Inscriptions at the Mulanatha Svami Temple show donations towards a college dedicated to the fourteen branches of learning
Bahur, a small town about twenty kilometres from Puducherry, is home to an old Siva temple wherein the deity is worshipped as Mulanatha Svami. The place, originally called Vahur, is of historical importance and epigraphs discovered in this temple state that the main deity, now known as Mulanatha Svami, was originally worshipped as Mulasthanam Udaiya Perumanadigal and also as Parameshvara. The Bahur temple, which is not very large, possibly belongs to the time of the early Chola rulers of Tamil Nadu. In the niches of the outer walls of the main sanctum are images of Nritta (dancing) Ganesha, Dakshinamurti, Vishnu, Brahma and Durga of the 10th century.
Below these are carvings of dancers in various poses and musicians playing different instruments. Many inscriptions are seen etched on the stone walls of the Mulanatha Svami temple in Bahur even today. A few belong to the reign of the Rashtrakuta king, Krishna III of the 10th century CE. Chola epigraphs here record many gifts to this temple. Vahur was called Azhagiya Chola Chaturvedimangalam in the Chola times of the 11th century CE.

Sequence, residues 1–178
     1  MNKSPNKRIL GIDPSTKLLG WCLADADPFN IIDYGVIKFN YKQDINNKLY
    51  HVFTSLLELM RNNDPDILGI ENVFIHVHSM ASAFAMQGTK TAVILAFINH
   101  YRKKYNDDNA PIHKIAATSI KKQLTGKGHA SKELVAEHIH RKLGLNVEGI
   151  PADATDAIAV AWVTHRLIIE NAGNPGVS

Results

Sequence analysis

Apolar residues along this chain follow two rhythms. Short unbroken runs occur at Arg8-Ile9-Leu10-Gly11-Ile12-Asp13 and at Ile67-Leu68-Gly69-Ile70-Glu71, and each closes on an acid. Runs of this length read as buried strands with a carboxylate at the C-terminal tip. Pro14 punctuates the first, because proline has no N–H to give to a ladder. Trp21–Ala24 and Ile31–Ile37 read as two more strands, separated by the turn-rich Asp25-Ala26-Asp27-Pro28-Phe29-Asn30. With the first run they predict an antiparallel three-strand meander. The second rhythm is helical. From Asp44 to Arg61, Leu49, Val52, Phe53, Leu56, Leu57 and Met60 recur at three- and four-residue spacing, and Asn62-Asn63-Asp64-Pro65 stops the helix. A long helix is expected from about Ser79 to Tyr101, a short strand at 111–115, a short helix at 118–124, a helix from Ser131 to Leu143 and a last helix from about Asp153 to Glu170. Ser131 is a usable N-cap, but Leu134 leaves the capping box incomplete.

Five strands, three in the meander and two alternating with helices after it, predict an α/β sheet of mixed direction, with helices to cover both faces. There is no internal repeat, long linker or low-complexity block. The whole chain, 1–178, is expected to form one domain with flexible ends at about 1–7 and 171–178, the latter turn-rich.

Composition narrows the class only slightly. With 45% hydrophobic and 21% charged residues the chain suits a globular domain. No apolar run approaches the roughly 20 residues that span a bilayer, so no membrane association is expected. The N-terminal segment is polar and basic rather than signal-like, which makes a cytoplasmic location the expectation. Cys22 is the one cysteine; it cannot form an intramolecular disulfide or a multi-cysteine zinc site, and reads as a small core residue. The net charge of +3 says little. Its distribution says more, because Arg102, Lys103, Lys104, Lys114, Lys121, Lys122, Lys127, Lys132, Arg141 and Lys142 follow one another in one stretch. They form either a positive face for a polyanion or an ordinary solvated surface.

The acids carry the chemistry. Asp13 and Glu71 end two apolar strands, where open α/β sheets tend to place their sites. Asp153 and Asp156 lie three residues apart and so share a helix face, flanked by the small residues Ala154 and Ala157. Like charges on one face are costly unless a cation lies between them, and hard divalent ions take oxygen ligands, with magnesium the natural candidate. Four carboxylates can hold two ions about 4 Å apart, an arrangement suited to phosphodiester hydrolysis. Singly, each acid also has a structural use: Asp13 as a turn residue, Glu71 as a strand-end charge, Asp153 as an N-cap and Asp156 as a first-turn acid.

An important and historical copper-plate inscription discovered close to this Siva temple in Bahur in 1879 belongs to the 8th year of the reign of the Pallava king Nripatungavarman. This bilingual record, dated c.877 AD, consists of two portions, the first in Sanskrit and the second in Tamil, and mentions an educational endowment (vidya bhoga) made to a college of learning called Vidyasthana in Vahur. The donation, made by the king’s minister called Marthandan or Nilaithangi, consisted of three villages, the income from which was to be enjoyed by the residents of the seat of learning at Vahur. The copper-plates record that the fourteen branches of learning (chaturdashavidya) which included the four Vedas, six Vedangas, Mimamsa, Nyaya, Dharma Sastras and Puranas, were taught in this educational institution.Read more
Source web page: New Indian Express